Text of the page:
. vision of auxiliary hoppers 98 and 99 and the
suitable cam mechanisms, various color combi
nations can be obtained, and various quantities
70 of slate may be deposited during the continuous
operation of the machine. In addition, it may
be desirable to reverse the order in which the
colors appear upon the tabs of a shingle strip,
for instance, in the example stated above, hopper
91 contained green- tinted granules, hopper 96
50
posed parallel to the I~beams I. A bar “9 may
be mounted at each of its ends upon the angle
members H8 at opposite sides of the machine
and may be adapted to carry supporting mem
bers I20 which, in turn, are provided with bear 55
ings I2I in which the ends of shaft I22 are jour
nalled. The shaft I22 may carry pulley wheel
I23 over which belt 81 may travel at its forward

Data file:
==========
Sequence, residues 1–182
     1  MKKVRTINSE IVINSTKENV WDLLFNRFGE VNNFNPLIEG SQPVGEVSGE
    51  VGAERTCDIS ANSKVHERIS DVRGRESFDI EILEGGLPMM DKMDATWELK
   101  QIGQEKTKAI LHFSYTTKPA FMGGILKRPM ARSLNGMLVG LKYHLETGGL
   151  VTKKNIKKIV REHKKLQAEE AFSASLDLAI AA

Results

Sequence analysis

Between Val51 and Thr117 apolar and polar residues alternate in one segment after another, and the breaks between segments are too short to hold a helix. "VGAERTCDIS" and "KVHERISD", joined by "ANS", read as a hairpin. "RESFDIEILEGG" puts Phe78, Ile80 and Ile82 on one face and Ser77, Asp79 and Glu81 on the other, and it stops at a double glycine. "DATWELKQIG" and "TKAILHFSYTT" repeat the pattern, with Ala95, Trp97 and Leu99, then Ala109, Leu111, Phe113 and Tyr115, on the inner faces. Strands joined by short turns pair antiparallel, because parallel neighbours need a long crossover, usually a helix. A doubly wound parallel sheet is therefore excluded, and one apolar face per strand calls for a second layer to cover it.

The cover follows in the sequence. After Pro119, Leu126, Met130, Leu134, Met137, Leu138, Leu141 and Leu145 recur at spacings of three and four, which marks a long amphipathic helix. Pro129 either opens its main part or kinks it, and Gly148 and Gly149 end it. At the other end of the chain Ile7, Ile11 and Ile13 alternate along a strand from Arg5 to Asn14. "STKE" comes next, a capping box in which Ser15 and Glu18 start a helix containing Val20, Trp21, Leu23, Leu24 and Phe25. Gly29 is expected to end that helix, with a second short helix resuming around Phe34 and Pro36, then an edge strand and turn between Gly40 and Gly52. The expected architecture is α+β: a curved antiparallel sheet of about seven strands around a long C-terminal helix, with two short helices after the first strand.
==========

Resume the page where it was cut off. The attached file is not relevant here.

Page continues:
extremity. Bearings I24 may be mounted upon
each of the angle irons II8 intermediate their 60
length and may serve as journals of the shaft I25,
which may carry pulley wheel I26. The belt 81
upon passing over the periphery of the pulley
I 23 may travel around a portion of the peripheral
surface of the pulley I 26, said latter pulley per
forming the double function of a guide pulley
and a belt tightener. As will be clear to any one
skilled in the art, the belt 81 may be tightened or
loosened by sliding the bearings I24 forwardly or
backwardly along the length of the angle iron 70
II9.
This slidable movement may be accommo
dated by means of slots, not shown; provided in
the supporting plates of the bearings I24. The
belt 01 upon passing over the surface of the pul
ley I26 returns to the pulley 68.
* 75